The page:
Posted September 28, 2004
Book: Silent Music: The Life, Work, and Thought of St. John of the Cross
Author: R.A. Herrera
Wm. B. Eerdmans Publishing Co. Grand Rapids, MI, pp. 166
Excerpt from the Jacket:
St. John of the Cross has long inspired Christians seeking a deeper knowledge of God. The sixteenth-century Spanish mystic felt a record of personal faith as profound as any ever recorded. In Silent Music R.A. Herrera looks anew at the life and writings of St. John of the Cross and explores his continuing relevance to contemporary spirituality.
Beginning with an erudite historical essay on the phenomenon of mysticism, Silent Music chronicles St. John’s life story — from his humble birth in 1542, through his career as a professional religious, to his death in 1591 — placing the man and his spirituality squarely in their historical-cultural context. Herrera probes the saint’s rigorous life of contemplation and his classic writings on such subjects as union with God and the “dark night of the soul,” clarifying St. John’s understanding of the mystical experience and paying particular attention to the notion of detachment and the recurring motifs of darkness, flame, and ascent in St. John’s writings. His careful analysis of St. John’s thought is enriched with examples from philosophy, psychology, literature, spirituality, and art — material not usually found in such a study.
Appending his own original translations of select excerpts from St. John’s poetry, Herrera here paints a richly detailed, multifaceted portrait of one of Christendom’s most complex figures. His book will interest readers encountering St. John for the first time as well as those seriously engaged in the study of Roman Catholicism, Spanish history, Christian spirituality, and mysticism.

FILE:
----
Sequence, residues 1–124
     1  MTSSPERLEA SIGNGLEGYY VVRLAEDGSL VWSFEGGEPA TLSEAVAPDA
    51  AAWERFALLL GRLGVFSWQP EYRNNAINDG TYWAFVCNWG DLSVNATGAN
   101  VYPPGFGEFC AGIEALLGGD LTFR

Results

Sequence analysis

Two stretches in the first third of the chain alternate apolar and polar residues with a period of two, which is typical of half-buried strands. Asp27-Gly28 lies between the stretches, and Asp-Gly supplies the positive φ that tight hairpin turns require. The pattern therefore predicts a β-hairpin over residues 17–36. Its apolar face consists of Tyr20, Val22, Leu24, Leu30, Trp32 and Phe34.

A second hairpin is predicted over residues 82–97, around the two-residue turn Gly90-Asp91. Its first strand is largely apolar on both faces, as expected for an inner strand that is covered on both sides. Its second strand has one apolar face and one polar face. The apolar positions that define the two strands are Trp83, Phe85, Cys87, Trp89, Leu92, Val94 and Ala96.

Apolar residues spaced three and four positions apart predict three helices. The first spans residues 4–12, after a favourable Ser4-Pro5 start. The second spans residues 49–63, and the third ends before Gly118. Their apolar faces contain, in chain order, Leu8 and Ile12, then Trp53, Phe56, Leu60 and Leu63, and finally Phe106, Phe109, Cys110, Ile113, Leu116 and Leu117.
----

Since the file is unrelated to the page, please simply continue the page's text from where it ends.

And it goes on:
Excerpt from the Book:
Metaphor can grasp that which discursive reason, based on cause and effect, cannot. The “abundance of the Holy Spirit” cannot be exhausted by words. We are dealing with mysteries that overflow into “fuguras, comparaciones y semejanzas. Poetry is then able to vault the barriers that obstruct discourse. Fray Luis de Leon was not mistaken when he stated that poetry can act as divine inspiration “to elevate the soul of men heavenward.” Taken literally, this role of verse is as old as mantic poetry. Boccaccio, in his commentary to the Divine Comedy, laconically states: poetry is theology.” Dante himself, writing to Can Grande della Scala, remarks that there are many things for which we lack adequate words and are forced to recur to the metaphor as did Plato. Thomas Aquinas, in his Expositio in Psalmos, states that when words are lacking then song is used: “the leap of the mind in the eternal breaking out into sound.”
Poetry can then touch mystery in its plenitude and stammer what is not transparent to reason. Inspired poetry, such as that of St. John of the Cross, is not a mere contrafactum, substituting a sacred for a profane meaning, though this was a genre that proliferated in the sixteenth and the first quarter of the seventeenth centuries. Inspired poetry is different, a real, though fragmentary, penetration into mystery, a “knowing” that transcends discursive reason and touches the Cloud of Unknowing within which dwells the God who is the paradigm of all mysteries.
Table of Contents:
1. The setting
2. The life
3. Mapa mundi
4. Mind and heart
5. Nocturnal ascent
6. A lustre of heaven
7. The mountain and the plain
8. Pieces of the puzzle
9. Odds and ends